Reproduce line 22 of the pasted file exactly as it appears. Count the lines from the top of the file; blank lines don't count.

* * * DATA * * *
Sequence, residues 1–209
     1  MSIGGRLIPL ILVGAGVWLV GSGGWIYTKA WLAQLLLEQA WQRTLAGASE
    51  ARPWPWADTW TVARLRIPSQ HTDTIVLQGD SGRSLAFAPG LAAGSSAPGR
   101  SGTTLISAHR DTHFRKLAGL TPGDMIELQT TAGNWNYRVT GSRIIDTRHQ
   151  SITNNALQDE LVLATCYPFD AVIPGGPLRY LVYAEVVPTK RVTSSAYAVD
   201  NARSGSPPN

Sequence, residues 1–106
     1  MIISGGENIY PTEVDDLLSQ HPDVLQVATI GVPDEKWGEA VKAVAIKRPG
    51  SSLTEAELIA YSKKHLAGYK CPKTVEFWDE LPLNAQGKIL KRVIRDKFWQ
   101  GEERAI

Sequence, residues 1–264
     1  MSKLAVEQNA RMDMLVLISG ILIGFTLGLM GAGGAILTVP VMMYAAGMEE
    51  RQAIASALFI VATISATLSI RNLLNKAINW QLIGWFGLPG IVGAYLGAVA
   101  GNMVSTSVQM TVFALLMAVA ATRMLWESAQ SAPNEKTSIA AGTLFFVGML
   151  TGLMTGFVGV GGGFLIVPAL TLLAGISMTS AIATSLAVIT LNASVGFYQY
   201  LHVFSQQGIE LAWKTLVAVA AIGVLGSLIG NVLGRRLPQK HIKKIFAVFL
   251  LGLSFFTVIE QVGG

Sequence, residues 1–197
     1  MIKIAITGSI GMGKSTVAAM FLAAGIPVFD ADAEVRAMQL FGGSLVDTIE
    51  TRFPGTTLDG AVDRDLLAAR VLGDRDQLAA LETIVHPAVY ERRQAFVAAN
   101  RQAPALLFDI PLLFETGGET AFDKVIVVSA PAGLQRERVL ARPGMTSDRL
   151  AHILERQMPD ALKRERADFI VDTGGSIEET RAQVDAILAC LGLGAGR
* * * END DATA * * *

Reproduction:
   151  AHILERQMPD ALKRERADFI VDTGGSIEET RAQVDAILAC LGLGAGR